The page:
A new consumer survey finds that Americans love the air travel experience – they even love all those fees!
Really? Well, you need to consider the source: The survey was sponsored by Airlines for America (A4A), the airline industry’s trade organization. Hey — we just report; you decide. (Take our TravelSkills poll below)
A4A said its online survey of more than 3,000 consumers found that fully 80 percent of them “are satisfied or very satisfied with air travel.” Only six percent were somewhat dissatisfied or very dissatisfied, A4A said. That seems pretty low based on the mountain of complaints we get at TravelSkills, but we are probably lightning rods when it comes to complaints.
When queried about the old air fare system where most things were included in the price vs. the new “a la carte pricing” system where most things carry an extra fee, “two-thirds of travelers said they prefer to pay only for the items and services they want ‘so my ticket ends up being less expensive.’” Was that how they phrased the survey question? If so, it just goes to show how easily a pollster can get the results he or she wants.
It’s important to note that this was not a survey of business travelers but a broad cross-section of the public, and A4A said that only 45 percent of U.S. adults traveled by air in the past year (although 81 percent had done so sometime in their lives). The survey group covered all the demographic bases, and 86 percent of them said that price is the biggest single factor in their decision to fly instead of using another form of transportation or staying home.
By contrast, the majority (57 percent) of “road warriors” in the survey (i.e., those who fly 12 or more times a year) said their biggest concerns are comfort and inflight options such as seat outlets, wi-fi and entertainment, in addition to logistics – airline schedules and routes.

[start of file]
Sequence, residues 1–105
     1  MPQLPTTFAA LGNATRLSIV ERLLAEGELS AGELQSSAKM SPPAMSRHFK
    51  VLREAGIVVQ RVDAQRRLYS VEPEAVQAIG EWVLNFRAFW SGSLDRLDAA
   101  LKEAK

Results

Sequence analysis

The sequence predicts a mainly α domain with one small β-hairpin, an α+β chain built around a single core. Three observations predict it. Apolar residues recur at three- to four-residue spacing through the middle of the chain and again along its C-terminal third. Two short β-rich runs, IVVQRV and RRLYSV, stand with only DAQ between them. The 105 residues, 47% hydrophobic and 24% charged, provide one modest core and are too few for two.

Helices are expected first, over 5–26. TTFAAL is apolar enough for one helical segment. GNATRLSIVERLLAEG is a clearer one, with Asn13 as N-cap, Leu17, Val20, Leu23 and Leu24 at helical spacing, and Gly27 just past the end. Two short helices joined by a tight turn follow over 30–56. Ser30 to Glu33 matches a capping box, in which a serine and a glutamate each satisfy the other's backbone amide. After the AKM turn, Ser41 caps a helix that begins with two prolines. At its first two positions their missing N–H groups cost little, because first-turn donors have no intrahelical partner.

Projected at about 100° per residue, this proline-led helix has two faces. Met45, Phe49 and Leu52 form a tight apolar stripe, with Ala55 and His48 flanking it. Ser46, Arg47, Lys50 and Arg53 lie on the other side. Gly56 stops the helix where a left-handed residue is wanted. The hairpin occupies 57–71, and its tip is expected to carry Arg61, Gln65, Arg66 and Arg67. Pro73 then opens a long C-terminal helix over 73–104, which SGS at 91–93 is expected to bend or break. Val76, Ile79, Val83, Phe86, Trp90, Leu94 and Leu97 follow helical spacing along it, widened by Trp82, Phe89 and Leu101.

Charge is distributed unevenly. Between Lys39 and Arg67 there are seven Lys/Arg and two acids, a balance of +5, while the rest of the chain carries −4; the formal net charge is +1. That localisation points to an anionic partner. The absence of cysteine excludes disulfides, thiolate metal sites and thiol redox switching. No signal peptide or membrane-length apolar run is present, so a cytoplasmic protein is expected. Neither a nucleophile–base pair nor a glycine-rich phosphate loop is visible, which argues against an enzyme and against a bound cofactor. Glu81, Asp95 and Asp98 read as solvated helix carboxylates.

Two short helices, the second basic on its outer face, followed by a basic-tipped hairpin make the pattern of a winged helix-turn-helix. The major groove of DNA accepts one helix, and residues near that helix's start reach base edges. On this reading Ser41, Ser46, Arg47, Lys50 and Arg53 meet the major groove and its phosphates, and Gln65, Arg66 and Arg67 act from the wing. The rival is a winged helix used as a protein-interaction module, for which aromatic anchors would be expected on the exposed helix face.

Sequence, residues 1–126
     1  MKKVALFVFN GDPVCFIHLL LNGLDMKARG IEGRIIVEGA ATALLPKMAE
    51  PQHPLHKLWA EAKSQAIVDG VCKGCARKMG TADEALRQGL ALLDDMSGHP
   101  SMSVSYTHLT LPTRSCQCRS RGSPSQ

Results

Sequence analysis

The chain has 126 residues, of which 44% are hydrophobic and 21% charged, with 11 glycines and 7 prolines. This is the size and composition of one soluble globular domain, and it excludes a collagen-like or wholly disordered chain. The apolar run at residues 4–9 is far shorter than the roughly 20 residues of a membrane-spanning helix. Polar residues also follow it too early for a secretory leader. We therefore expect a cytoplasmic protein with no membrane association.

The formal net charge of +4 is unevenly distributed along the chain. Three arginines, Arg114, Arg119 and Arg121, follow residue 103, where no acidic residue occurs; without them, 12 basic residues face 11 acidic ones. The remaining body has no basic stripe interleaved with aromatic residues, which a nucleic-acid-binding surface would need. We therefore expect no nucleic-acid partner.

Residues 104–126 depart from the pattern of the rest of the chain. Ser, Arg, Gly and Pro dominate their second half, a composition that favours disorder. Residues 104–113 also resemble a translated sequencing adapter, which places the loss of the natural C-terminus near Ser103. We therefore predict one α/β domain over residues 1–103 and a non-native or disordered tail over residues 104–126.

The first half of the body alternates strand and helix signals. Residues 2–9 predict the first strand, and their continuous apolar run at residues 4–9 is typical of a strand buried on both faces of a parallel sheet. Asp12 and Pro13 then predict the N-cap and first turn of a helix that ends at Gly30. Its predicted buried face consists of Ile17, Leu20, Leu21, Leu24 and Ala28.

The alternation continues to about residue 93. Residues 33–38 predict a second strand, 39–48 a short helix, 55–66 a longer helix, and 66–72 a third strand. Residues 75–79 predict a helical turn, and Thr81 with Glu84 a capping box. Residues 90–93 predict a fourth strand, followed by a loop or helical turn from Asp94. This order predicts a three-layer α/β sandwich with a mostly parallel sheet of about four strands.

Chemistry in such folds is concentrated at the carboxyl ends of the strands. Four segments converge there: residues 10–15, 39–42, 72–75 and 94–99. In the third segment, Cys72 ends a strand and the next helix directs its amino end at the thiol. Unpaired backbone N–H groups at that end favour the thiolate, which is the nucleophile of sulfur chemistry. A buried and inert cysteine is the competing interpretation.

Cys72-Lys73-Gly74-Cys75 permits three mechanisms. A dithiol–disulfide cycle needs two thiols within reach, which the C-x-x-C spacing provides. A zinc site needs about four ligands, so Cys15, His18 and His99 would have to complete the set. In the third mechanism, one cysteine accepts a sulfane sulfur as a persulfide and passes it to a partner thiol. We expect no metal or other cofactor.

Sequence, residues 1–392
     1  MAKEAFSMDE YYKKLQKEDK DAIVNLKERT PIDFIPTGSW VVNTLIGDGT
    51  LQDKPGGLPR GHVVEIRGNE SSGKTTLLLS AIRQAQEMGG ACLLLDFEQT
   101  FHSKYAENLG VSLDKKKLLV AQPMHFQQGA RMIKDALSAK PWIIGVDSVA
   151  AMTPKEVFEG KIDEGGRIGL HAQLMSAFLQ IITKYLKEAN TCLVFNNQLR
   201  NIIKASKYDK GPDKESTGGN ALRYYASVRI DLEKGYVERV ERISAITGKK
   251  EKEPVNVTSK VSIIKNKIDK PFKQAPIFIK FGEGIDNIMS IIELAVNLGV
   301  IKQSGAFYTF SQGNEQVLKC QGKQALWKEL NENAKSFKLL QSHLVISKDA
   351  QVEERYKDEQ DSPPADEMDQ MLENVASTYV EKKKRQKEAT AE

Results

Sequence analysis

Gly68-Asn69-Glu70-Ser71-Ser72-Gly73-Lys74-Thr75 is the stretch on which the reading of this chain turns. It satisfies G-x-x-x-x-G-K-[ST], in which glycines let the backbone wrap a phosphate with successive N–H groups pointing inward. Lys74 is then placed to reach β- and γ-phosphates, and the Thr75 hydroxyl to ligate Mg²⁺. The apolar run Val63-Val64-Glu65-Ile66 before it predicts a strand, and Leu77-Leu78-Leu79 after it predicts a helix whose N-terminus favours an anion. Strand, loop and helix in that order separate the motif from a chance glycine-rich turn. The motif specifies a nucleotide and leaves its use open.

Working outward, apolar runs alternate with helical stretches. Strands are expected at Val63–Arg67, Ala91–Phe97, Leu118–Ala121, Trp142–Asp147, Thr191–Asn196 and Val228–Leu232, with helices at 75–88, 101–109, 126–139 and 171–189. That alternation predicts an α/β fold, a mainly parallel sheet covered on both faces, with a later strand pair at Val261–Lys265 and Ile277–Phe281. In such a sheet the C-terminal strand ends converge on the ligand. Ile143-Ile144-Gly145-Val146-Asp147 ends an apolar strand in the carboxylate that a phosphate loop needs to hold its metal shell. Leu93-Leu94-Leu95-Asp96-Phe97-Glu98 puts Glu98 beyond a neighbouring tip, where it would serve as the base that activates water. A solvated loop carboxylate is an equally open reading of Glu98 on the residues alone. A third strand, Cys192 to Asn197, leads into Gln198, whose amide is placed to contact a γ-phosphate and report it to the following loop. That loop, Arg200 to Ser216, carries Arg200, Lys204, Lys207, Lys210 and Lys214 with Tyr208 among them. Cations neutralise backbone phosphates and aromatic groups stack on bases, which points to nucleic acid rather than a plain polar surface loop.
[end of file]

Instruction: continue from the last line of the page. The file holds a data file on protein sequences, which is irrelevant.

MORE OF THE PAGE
The increasing affordability of air travel has indeed led to a sort of democratization of the skies, the survey found: Whereas business trips accounted for 47 percent of all air travel 20 years ago, A4A said, that number has now dropped to 31 percent. Everyone else is flying for personal or leisure purposes.
Apparently the survey didn’t give respondents a chance to evaluate the things they might not like about the air travel experience. It provided no data about respondents’ opinions on seat size, service quality, airport lines and so on. Nor did it address the inevitable results of cramming a cross-section of society into cramped seats in a metal tube for a few hours: Google the term “air rage” and you’ll get more than 3.4 million search results. Or just bring up the topic at your next cocktail party and you’ll stir up plenty of prattle!
Consumer complaints to the Transportation Department about air travel jumped 34 percent last year, but FAA reauthorization legislation currently in the Senate tacked on only a few modest provisions to make life easier for travelers, according to the Atlanta Journal-Constitution. More significant reforms, like defining acceptable seat dimensions and requiring airlines to justify all those fees, were rejected.
Senate majority leader Mitch McConnell (R-Ky.) commented: “I know there are some who think we should go further and re-regulate the airline industry, but we know deregulation has helped make air travel more accessible and more affordable for families and business travelers.” He sounded very much like an A4A press release.
Let’s take a TravelSkills poll and see how our view of the airline experience stacks up against the A4A findings. How would you rate your satisfaction with airlines?
Be sure to click on the clear or grayed out “Vote” button
NOTE: Be sure to click here to see all recent TravelSkills posts about: United’s newest, longest flight + Tipping Uber drivers + Qantas 747 Trip Report + Confusion over PreCheck policies + No-fee earlier flights